Always make sure that selected layout matches layout used by USB host (PC). Due to limitations of USB-HID it is not possible for InputStick to know what layout is use by the USB host. This must be manually provided by the user. List of currently available keyboard layouts:
- fr-BE - French (Belgian),
- hr-HR - Croatian (Croatia),
- cs-CZ - Czech (Czech Republic),
- da-DK - Danish (Denmark),
- nl-NL - Dutch (Netherlands),
- de-CH - German (Switzerland),
- de-DE - German (Germany),
- de-DE (MAC) - German (Germany), Mac compatible version,
- el-GR - Greek (Greece),
- en-DV - English (United States), Dvorak layout,
- en-GB - English (United Kingdom),
- en-US - English (United States),
- en-US (INT) - English (United States International),
- es-ES - Spanish (Spain),
- fi-FI - Finnish (Finland),
- fr-CA - French (Canada),
- fr-CH - French (Switzerland),
- fr-FR - French (France),
- he-IL - Hebrew (Israel),
- hu-HU - Hungarian (Hungary),
- it-IT - Italian (Italy),
- nb-NO - Norwegian, Bokmal (Norway),
- pl-PL - Polish (Poland),
- pt-BR - Portuguese (Brazil),
- pt-PT - Portuguese (Portugal),
- ru-RU - Russian (Russia),
- sk-SK - Slovak (Slovakia),
- sv-SE - Swedish (Sweden).
Requirements (BT2.1 version):
- InputStick BT2.1 receiver,
- Android 2.3 or later,
- Bluetooth 2.1 or later.
Requirements (BT4.0 version):
- InputStick BT4.0 receiver,
- Android 4.3 or later,
- Bluetooth 4.0 (Bluetooth Low Energy).
Technical limitations and things to consider:
USB device - InputStick USB host - PC, game consoles, Raspberry Pi, etc. HID - Human Interface Device (keyboard, mouse, gamepad, etc.)
InputStick communicates with USB host by sending HID reports for each interface (keyboard, mouse, consumer control). HID report - data representing state or change of state of HID interface.
USB host detects InputStick as a generic keyboard, mouse and consumer control composite device. It sees NO difference between physical keyboard/mouse and InputStick. Host does not know anything about Bluetooth interface. In most cases, generic drivers for HID devices are used, there is no need to install any additional software or drivers. If your USB host works with generic USB keyboard, it will most likely also work with InputStick. If necessary, you can make some adjustments to USB interface using InputStickUtility app (requires some knowledge about USB interface).
In case of HID class devices, USB host does NOT provide any information about itself to USB device:
- type of hardware is unknown,
- OS is unknown,
- keyboard layout used by OS is unknown,
- there is no feedback whether characters were typed correctly.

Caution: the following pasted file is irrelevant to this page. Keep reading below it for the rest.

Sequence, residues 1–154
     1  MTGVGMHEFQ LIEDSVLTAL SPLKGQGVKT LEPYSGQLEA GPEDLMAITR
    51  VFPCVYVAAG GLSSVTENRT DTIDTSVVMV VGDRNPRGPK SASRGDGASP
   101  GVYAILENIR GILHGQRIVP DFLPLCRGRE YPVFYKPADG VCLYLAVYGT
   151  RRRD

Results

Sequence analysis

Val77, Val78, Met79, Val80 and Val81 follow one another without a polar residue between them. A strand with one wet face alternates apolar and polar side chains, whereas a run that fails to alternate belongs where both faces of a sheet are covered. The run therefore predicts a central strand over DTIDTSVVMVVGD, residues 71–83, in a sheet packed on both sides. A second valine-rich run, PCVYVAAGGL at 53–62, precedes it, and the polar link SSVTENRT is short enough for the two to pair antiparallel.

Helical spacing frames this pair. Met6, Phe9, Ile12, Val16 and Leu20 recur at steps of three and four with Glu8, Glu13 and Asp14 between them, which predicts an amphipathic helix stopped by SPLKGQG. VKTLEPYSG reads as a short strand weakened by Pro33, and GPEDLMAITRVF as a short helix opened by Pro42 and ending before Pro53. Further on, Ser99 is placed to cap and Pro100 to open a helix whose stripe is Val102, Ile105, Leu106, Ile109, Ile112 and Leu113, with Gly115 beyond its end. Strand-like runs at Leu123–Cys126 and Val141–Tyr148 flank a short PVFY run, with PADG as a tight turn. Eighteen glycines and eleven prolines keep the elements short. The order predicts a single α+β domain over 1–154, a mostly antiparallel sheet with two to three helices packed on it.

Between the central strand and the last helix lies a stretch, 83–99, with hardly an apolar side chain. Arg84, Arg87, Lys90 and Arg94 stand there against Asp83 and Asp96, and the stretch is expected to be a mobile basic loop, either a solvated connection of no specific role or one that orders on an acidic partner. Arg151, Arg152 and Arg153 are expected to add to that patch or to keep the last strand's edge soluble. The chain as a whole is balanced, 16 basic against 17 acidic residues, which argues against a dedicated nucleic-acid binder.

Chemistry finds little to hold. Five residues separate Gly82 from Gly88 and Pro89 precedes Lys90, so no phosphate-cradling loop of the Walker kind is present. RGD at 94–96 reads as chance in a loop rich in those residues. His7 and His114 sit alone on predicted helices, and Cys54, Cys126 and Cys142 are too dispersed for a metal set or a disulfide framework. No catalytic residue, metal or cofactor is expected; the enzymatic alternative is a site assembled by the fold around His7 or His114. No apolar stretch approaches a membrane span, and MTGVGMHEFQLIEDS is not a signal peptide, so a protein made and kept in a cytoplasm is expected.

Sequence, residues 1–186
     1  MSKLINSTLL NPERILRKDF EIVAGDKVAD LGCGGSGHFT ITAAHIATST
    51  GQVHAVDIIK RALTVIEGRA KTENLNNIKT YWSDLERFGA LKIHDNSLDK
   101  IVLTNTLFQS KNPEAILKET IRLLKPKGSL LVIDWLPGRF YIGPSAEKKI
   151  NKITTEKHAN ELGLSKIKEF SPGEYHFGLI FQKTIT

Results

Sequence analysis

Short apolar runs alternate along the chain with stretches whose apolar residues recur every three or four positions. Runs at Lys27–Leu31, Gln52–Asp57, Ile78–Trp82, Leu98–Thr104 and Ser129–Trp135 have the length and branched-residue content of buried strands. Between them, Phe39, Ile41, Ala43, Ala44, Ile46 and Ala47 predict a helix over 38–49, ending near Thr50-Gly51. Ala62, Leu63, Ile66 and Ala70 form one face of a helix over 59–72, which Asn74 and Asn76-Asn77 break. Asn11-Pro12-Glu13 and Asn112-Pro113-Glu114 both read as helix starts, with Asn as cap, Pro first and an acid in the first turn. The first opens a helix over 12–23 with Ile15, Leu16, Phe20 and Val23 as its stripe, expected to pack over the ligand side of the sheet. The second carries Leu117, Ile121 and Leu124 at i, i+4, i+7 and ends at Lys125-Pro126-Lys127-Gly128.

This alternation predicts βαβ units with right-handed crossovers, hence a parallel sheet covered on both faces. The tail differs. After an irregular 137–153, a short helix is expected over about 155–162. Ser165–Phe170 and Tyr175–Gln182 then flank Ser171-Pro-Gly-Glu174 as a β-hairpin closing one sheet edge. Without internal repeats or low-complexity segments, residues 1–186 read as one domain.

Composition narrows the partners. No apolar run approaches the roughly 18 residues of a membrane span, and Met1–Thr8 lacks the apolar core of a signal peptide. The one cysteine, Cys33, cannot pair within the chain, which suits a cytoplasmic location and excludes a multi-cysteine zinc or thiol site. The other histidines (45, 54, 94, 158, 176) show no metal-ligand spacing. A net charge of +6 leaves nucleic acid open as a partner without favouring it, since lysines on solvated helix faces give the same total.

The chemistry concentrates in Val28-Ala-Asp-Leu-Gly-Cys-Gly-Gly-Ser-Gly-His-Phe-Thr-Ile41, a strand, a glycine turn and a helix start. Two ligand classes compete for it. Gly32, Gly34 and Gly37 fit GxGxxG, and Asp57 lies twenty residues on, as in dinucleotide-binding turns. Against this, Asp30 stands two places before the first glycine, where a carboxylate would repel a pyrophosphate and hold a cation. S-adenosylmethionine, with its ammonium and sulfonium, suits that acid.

Think of InputStick as of a blind person with en-US keyboard:
- you provide instructions, example: type "abC"
- InputStick executes the instruction by simulating user actions: press "A" key, release, press "B" key, release, press and hold "Shift" key, press "C" key, release all keys.
- InputStick has no way of knowing if these actions produced correct result
You (app user) must provide all necessary information and feedback!
InputStick can type text way faster than any human. In some cases this can result in missing characters. Use slower typing speed when necessary. Example: when PC is experiencing have CPU load, it is possible that in sometimes characters will be skipped (same thing will happen when using regular USB keyboard).
Consumer control interface.
Multimedia keys: allows to control media playback, system volume, launch applications. Unfortunately there are differences between OSes in how consumer control actions are interpreted.
Example 1: there are 100 volume levels in Windows OS and 10 levels on Ubuntu. Increasing system volume by 1 will have different effect on each of them.
Example 2: when audio output is muted, increasing system volume by 1 can have different effects: Windows - volume level is increased by 1, but audio output will remain muted. Linux - volume level is uncreased by 1, audio output is unmuted.
Time required to establish connection:
- BT2.1 - usually 1-3 seconds,
- BT4.0 - usually less than a second.
Latency: Bluetooth introduces additional latency (several ms in most cases, in some conditions can increase to several hundreds).
Range: Walls and other obstacles will decrease performance of Bluetooth link. BT4.0 devices are generally more sensitive to this (due to Low Energy approach).